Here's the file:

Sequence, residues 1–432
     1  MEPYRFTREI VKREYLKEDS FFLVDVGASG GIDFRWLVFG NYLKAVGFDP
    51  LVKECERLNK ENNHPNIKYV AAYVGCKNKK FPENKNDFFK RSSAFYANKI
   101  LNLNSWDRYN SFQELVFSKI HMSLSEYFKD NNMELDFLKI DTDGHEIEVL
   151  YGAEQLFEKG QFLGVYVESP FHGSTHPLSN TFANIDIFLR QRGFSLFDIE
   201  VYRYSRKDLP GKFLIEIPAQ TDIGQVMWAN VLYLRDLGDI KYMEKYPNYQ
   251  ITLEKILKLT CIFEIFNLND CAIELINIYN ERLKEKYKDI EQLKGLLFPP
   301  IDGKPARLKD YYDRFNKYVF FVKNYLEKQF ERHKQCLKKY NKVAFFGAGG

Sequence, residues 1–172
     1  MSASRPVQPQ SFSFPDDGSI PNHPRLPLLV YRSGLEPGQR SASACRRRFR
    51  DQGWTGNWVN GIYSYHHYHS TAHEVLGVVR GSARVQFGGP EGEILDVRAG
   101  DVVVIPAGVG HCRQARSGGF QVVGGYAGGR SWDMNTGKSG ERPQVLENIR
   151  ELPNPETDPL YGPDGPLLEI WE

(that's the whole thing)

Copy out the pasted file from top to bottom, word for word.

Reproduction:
Sequence, residues 1–432
     1  MEPYRFTREI VKREYLKEDS FFLVDVGASG GIDFRWLVFG NYLKAVGFDP
    51  LVKECERLNK ENNHPNIKYV AAYVGCKNKK FPENKNDFFK RSSAFYANKI
   101  LNLNSWDRYN SFQELVFSKI HMSLSEYFKD NNMELDFLKI DTDGHEIEVL
   151  YGAEQLFEKG QFLGVYVESP FHGSTHPLSN TFANIDIFLR QRGFSLFDIE
   201  VYRYSRKDLP GKFLIEIPAQ TDIGQVMWAN VLYLRDLGDI KYMEKYPNYQ
   251  ITLEKILKLT CIFEIFNLND CAIELINIYN ERLKEKYKDI EQLKGLLFPP
   301  IDGKPARLKD YYDRFNKYVF FVKNYLEKQF ERHKQCLKKY NKVAFFGAGG

Sequence, residues 1–172
     1  MSASRPVQPQ SFSFPDDGSI PNHPRLPLLV YRSGLEPGQR SASACRRRFR
    51  DQGWTGNWVN GIYSYHHYHS TAHEVLGVVR GSARVQFGGP EGEILDVRAG
   101  DVVVIPAGVG HCRQARSGGF QVVGGYAGGR SWDMNTGKSG ERPQVLENIR
   151  ELPNPETDPL YGPDGPLLEI WE